While the effects of these medications are usually temporary and wear off once the medication is discontinued, it is important to talk to us if you experience any prolonged or concerning changes in your sense of taste or smell.
Overall, the flu can affect your sense of smell and taste. If you’re experiencing a loss of taste and smell, it’s important to stay hydrated and talk to your doctor about any medication side effects. With some time and rest, your sense of taste and smell often will return to normal.
Can The Flu Permanently Damage Your Sense of Smell?
We’ve already discussed the loss of taste and smell with the flu, along with their common causes.
But is this loss of smell permanent?
The flu can damage your sense of smell. Fortunately, this is usually not permanent, though it may take a while to return.
Often, whether or not you regain your sense of smell depends upon the underlying cause. If extensive damage is done to your nasal nerves, it is more likely that the condition will be permanent.
Typically, anosmia (loss of the sense of smell) is not an indicator of a serious condition. However, because the sense of taste and sense of smell are closely related, anosmia may mean that you lose interest in eating, and as a result, lose too much weight. Therefore, you fail to get the important nutrients your body needs.
The National Institutes of Health states that anosmia affects 3 percent of the adult population over the age of 40, and the incidence increases with age. For those over 60 years of age, the rate rises to as much as 22 percent.
What can cause you to lose your sense of smell?
While it’s not unusual to have a loss of taste and smell with the flu, there are also a lot of other conditions that can affect it as well.
According to the Mayo Clinic, any condition that obstructs your nasal passage or flow of air through your nose can cause you to lose your sense of smell.
These conditions include:
- The common cold
- The flu
- Chronic congestion
- Nasal polyps
Some neurological conditions can cause anosmia. Although uncommon, the olfactory center of the brain—the part used for processing the sense of smell— can be damaged by:
- Alzheimer’s disease
- A brain tumor
- Head injury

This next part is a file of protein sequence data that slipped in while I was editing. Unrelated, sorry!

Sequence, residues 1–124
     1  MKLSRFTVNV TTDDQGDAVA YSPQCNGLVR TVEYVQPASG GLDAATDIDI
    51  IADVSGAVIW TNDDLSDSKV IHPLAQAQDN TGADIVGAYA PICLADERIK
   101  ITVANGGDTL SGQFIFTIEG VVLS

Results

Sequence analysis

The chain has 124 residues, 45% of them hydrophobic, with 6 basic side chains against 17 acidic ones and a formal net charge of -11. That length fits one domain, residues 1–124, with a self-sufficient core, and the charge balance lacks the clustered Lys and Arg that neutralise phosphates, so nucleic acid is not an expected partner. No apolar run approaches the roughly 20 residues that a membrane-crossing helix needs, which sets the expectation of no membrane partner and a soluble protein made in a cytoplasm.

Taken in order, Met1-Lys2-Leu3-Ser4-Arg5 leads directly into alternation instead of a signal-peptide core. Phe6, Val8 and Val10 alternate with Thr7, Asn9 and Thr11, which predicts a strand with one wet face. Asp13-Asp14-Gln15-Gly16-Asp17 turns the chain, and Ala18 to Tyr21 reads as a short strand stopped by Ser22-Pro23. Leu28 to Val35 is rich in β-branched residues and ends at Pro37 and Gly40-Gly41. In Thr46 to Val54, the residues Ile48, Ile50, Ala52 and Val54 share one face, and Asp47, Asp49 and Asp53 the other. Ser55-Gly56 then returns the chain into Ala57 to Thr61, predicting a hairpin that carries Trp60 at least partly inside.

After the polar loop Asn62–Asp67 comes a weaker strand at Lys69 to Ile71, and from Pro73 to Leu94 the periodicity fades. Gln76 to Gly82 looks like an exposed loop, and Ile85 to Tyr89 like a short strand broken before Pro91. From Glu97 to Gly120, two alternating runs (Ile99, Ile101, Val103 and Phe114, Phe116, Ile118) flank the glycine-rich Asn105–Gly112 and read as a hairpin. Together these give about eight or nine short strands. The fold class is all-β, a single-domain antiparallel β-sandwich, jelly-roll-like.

- Exposure to harmful chemicals such as insecticides
- Certain medications
- Zinc-containing nasal sprays (these have been taken off the market)
How can I regain my sense of smell?
We have ear, nose, and throat doctors who have extensive expertise and can implement a plan to help you. The course of care depends upon the underlying cause.
For example, if your problem is caused by chronic sinus infections, then we will create a treatment plan to help you.
In cases like this, your sense of smell should return at some point after the underlying problem is resolved. Sometimes this may involve sinus surgery.
There are several reasons why you may experience a loss of taste and smell with the flu. These reasons range from sinus inflammation to dehydration.
Loss of smell due to an acute condition is not likely to be permanent. Your sense of smell should gradually return. However, anosmia due to a neurological problem with your brain makes it difficult to predict when or if you will be able to smell again.
Raleigh Capitol ENT Will Help You Treat Loss of Taste and Smell With Flu
There are many potential causes for anosmia. That’s why it’s important to have an experienced, innovative healthcare team on your side. We’ve been the provider of choice for the Raleigh, Durham, and Cary areas for decades. Our board-certified physicians are well-versed in the most recent treatments.
Whether your sense of smell has been damaged by a nose injury, the flu, or chronic rhinosinusitis, we’re here to help you. Please contact us to schedule an appointment.